Cinecittà – Introduction

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The main entrance to the studios by the subway station

“Cinecittà is the largest film studio in Europe, spreading over an area of 100 acres with 19 stages, 1 permanent tent, 300 dressing rooms and offices, 21 makeup areas and an outdoor tank of 120,000 square feet”, as its website proclaims (www.cinecitta.com).  It is an impressive place to visit, situated just 9km from the centre of Rome, or about twenty minutes on the “A” line of the Rome subway in the direction of Anagnina, with its own subway station.

As you emerge from the station, you immediately see the art-deco style entrance gate.  Although it was constructed in 1936-37 to create movie propaganda for the Mussolini government, it was almost completed destroyed in WW2, to be rebuilt again towards the end of the 1940s.

A walk along the avenues of sound stages on your left and right, including Fellini’s favourite stage Teatro 5, eventually bring you to thebacklots.  These are immense in size – the current Ancient Roman Civilization backlot extends over five acres.

Zeffirelli’s autobiography refers to his choice of Cinecittà for Romeo and Juliet:

“I was grateful for the support of Tony [Havelock-Allen] and John [Brabourne] as well as the loyalty of Bud Ornstein, who assisted in the arrangement of the finance so that I could start building the sets at Cinecittà even before we were sure we had a cast. These were not to be on the same scale as those of [The Taming of the Shrew]. Because of our limited funds, I had spent a lot of time searching for locations in Tuscany and central Italy for exterior locations.  I wasn’t sorry about this, as I welcomed the idea of doing something different and knew we had some truly magnificent backgrounds to use.”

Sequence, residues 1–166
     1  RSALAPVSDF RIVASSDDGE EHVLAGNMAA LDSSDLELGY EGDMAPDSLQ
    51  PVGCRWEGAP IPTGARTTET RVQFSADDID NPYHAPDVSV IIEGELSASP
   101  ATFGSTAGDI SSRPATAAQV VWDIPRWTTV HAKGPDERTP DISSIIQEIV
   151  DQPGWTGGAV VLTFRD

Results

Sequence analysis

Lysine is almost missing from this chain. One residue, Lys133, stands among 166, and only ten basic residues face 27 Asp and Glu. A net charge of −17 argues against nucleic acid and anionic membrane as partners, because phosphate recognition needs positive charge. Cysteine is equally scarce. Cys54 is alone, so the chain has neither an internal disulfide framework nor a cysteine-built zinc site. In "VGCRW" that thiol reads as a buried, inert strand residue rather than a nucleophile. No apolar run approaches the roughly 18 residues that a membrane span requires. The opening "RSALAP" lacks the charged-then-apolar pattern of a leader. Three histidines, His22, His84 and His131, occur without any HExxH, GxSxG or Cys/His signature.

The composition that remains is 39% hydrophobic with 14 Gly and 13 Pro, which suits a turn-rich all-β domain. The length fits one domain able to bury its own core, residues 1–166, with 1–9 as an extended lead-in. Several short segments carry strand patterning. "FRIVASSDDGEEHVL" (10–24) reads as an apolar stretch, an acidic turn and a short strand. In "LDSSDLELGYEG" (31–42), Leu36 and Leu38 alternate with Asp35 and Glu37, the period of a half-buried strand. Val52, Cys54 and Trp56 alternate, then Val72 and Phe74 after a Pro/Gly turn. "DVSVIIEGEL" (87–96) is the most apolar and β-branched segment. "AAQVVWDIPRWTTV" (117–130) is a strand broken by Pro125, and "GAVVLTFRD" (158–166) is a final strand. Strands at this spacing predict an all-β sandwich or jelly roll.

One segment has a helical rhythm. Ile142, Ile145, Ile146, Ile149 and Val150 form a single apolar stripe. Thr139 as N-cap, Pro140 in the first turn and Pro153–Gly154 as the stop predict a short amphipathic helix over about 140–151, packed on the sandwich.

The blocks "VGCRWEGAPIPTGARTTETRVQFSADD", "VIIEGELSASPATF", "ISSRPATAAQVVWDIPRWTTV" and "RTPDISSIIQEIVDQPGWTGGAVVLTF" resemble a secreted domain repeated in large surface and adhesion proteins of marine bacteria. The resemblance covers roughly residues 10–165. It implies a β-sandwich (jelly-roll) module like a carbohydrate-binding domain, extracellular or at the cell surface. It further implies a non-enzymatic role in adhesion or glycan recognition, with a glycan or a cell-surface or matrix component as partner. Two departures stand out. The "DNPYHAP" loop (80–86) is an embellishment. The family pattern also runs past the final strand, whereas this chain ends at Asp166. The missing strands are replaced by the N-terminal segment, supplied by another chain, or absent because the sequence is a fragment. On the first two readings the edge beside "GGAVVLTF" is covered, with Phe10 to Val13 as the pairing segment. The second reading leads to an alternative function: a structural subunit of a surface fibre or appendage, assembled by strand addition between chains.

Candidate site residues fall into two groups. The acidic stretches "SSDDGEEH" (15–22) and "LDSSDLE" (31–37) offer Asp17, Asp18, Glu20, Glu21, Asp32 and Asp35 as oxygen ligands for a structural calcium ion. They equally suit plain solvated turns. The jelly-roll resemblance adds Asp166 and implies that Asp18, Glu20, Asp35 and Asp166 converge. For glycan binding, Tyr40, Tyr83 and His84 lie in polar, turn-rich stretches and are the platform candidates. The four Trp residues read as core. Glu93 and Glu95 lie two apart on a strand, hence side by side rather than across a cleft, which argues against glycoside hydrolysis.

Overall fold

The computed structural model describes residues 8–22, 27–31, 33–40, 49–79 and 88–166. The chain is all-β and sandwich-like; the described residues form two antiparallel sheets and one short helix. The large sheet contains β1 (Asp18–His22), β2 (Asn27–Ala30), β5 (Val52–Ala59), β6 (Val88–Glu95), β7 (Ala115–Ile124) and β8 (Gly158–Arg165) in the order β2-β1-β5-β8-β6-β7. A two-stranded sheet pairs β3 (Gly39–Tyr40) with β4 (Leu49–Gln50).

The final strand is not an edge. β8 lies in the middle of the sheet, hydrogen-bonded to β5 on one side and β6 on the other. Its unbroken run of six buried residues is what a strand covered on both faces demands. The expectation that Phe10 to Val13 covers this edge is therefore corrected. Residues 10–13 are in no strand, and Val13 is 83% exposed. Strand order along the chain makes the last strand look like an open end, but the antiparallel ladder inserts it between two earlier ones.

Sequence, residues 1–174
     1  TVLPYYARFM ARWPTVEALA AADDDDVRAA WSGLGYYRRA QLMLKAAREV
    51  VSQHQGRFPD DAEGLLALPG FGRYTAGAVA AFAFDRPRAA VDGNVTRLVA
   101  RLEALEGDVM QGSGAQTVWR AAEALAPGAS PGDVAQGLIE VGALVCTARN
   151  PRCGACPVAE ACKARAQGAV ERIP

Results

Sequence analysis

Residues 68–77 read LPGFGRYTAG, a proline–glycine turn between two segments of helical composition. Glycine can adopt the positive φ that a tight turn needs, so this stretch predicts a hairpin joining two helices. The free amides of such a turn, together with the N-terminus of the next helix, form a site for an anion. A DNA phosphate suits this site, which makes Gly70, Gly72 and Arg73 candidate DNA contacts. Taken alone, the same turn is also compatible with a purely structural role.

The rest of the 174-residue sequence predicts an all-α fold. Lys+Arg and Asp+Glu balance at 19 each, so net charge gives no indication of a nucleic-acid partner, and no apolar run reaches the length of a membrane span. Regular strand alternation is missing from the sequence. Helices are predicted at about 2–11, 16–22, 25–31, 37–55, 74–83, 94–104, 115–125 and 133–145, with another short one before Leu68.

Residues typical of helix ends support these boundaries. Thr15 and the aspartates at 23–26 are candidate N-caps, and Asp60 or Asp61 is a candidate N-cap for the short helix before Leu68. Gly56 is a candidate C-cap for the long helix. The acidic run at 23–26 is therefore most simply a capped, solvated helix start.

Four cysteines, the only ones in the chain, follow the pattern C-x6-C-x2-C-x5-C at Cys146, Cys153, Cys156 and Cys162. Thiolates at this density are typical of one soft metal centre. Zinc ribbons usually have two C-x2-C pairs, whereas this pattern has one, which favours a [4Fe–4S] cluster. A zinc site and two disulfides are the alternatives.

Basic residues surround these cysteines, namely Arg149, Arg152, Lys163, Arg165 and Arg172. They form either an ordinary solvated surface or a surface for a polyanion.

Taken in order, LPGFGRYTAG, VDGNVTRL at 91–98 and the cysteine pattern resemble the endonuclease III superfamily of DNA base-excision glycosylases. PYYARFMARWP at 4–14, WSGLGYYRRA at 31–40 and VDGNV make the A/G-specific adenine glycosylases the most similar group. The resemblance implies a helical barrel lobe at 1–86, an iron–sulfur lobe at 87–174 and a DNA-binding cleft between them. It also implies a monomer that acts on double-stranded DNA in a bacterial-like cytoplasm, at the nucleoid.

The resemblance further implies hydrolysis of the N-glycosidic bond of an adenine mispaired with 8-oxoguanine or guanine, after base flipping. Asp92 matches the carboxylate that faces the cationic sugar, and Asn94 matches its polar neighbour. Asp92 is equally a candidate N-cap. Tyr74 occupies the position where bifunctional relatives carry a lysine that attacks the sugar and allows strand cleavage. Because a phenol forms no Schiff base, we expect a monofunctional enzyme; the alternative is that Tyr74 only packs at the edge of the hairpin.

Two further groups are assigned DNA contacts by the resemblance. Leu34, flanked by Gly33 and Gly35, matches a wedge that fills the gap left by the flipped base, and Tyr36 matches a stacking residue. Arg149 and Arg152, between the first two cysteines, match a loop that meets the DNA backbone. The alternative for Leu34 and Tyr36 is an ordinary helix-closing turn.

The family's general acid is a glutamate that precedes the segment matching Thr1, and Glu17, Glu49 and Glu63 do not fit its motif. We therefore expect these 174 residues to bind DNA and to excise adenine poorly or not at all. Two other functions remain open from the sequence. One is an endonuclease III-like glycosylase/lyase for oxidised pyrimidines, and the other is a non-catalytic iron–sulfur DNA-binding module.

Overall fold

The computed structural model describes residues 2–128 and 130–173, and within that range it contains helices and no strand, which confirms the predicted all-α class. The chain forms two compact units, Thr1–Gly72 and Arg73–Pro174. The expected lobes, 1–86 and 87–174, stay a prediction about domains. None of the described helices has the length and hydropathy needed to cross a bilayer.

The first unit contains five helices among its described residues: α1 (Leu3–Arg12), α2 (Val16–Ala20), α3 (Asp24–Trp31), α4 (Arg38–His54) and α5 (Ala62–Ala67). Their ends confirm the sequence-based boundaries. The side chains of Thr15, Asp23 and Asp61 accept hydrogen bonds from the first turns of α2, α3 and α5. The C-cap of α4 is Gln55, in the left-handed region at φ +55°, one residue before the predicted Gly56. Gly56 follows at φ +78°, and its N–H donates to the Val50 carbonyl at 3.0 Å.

One of the backlots was used to construct the town square of Verona.  In the photo gallery I have constructed a slide show as a basic panorama of the four sides of the square.  Without the original layout plans, my orientation has been arbitrary. The main church façade and steps would (in reality) be the west facing front doors (using the conventional Christian east-west axis for church buildings).  This would place the fountain/well into which Mercutio jumps on the north wall. The south-east corner has the main entrance for the cast to emerge and exit into and from the square: the rioters and the Prince at the beginning; Romeo and Tybalt and their followers during their duel (after the exterior shots);  the funeral procession in the final scene.

The soundstages were used for many of the interior scenes, especially portions of the scenes in the Capulet house (including Juliet’s bedroom).  However, interior scenes were also shot using locations such as the Palazzo Piccolomini in Pienza and the church of S. Pietro in Tuscania.

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Layout map of the studios. Source: www.cinecitta.com